Song Title (date of single release, chart peaks) Click for codes to singles charts.
Total Running Time: 53:52
4.505 out of 5.00 (average of 26 ratings)
Quotable: “The best metal record of the late ‘80s.” – Stephen Thomas Erlewine, All Music Guide
About the Album:
“Guns N’ Roses’ debut, Appetite for Destruction was a turning point for hard rock in the late ‘80s – it was a dirty, dangerous, and mean record in a time when heavy metal meant nothing but a good time.” AMG Guns N’ Roses embraced “the wasted rock star lifestyle with such earnest determination that you’d think they invented it.” GW As guitarist Slash said, “When we had to go up against whatever was going on at the time, there were no gritty rock bands, and we were sort of a break-through rock band, sort of a fluke in a way.” GW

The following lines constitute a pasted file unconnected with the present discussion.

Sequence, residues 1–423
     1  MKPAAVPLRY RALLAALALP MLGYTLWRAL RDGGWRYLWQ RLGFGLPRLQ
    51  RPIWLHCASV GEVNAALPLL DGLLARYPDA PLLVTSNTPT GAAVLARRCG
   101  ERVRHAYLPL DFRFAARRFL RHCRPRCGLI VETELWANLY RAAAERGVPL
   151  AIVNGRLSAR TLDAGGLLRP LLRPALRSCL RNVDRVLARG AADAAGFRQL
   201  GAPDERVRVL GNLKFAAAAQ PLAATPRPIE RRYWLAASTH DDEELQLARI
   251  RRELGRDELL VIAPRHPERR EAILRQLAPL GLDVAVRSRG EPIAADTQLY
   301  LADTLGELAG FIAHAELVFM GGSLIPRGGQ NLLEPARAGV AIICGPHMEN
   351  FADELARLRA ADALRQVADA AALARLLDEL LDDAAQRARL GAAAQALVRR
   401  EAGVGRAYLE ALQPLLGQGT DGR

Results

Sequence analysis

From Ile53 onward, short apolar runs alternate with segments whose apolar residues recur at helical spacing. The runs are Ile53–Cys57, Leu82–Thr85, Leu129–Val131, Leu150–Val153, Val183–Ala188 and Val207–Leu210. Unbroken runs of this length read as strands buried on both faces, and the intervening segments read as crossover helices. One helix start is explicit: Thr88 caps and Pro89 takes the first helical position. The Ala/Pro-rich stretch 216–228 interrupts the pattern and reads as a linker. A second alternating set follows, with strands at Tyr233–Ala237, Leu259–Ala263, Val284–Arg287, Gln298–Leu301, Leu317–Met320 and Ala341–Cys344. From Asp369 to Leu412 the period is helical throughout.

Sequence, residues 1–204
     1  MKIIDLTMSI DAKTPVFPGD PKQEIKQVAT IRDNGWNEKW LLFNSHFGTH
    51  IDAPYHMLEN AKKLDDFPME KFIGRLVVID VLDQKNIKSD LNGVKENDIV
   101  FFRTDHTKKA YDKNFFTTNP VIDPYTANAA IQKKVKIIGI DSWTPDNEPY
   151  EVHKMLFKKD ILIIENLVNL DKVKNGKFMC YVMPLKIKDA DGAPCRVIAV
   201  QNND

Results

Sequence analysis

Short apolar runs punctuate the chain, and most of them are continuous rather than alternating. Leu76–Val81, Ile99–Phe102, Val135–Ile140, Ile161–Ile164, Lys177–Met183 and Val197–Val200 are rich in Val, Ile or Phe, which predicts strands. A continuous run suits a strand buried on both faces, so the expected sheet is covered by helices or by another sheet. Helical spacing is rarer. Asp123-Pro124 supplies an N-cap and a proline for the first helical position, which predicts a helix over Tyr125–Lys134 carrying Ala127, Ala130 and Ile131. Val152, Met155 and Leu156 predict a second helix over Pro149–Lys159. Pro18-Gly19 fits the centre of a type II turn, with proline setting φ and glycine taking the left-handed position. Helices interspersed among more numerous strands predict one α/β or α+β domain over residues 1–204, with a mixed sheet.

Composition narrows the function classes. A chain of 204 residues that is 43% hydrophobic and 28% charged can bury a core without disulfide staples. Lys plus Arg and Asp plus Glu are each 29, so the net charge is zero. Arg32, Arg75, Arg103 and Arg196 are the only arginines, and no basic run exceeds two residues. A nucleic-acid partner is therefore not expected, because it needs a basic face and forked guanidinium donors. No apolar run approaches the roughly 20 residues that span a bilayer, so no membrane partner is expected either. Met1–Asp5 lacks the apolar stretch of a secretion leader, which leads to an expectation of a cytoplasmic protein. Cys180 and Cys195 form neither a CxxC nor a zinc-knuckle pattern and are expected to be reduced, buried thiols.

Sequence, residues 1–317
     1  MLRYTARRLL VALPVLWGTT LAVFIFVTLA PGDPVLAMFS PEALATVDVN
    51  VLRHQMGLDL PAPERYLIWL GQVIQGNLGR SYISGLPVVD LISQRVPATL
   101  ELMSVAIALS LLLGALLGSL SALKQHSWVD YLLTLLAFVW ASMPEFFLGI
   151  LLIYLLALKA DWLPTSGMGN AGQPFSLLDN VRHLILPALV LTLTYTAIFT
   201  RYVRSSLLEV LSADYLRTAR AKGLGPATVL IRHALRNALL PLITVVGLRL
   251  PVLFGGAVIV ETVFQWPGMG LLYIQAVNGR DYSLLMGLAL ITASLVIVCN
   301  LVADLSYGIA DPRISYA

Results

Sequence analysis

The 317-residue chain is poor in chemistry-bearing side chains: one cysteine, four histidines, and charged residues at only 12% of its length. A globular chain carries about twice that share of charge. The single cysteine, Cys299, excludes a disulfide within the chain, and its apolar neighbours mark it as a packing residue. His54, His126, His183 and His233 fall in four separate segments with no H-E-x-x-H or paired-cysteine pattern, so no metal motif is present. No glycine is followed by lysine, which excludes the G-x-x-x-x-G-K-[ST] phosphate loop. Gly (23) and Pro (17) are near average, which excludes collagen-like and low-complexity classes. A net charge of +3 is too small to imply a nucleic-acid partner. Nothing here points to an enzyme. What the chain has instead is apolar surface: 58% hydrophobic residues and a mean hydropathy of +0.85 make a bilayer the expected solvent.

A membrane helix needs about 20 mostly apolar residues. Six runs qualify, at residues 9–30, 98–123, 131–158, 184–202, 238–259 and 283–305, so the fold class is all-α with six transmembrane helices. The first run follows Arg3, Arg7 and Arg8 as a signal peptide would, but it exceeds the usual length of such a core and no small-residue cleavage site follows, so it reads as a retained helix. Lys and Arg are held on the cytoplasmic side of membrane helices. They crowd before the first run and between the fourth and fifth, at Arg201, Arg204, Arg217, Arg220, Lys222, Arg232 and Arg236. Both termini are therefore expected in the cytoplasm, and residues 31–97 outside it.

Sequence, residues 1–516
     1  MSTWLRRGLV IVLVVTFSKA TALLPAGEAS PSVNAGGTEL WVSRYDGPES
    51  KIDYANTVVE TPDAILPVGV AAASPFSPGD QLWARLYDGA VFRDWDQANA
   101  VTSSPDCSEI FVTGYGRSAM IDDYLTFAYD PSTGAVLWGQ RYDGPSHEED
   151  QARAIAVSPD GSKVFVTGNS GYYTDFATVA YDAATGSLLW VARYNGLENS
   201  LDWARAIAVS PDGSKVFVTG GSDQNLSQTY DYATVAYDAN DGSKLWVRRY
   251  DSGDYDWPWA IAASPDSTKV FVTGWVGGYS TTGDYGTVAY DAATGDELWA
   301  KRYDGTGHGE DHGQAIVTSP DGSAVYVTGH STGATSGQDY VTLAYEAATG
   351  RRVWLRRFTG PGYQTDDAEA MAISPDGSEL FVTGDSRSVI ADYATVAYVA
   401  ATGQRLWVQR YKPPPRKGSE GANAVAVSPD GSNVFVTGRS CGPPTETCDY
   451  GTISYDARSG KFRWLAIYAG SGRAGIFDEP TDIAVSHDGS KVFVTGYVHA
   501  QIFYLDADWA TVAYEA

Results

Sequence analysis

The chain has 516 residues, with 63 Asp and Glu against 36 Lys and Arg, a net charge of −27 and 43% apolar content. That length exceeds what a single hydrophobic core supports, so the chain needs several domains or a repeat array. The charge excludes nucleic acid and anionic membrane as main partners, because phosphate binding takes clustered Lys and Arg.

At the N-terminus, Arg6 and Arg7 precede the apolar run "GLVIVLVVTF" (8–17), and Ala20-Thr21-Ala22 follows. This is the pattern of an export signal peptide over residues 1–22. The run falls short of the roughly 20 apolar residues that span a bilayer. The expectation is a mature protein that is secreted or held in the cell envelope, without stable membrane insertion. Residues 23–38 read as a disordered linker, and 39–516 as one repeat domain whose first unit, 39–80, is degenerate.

On the surface, Guns N’ Roses may appear to celebrate the same things as their peers – namely, sex, liquor, drugs, and rock & roll.” AMG In addition, this is music “wallowing in a bluesy, metallic hard rock borrowed from Aerosmith, AC/DC, and countless faceless hard rock bands of the early ‘80s.” GW However, GNR were an “L.A. blend of surface glamour and nasty underbelly.” BL Their debut album is a mix of “exquisite pain, uncorked rage and pure rebellion meet[ing] in a full metal racket.” UT The band “played lacerating music that was tough, ugly and sometimes misogynistic.” GW “There is a nasty edge to their songs, since Axl Rose doesn’t see much fun in the urban sprawl of L.A. and its parade of heavy metal thugs, cheap women, booze, and crime.” AMG Their music was “tough, ugly” GW and built on a “sleazy sound that adds grit to already grim tales…[which made] Rose’s misogyny, fear, and anger hard to dismiss as merely an artistic statement; this is music that sounds lived-in.” AMG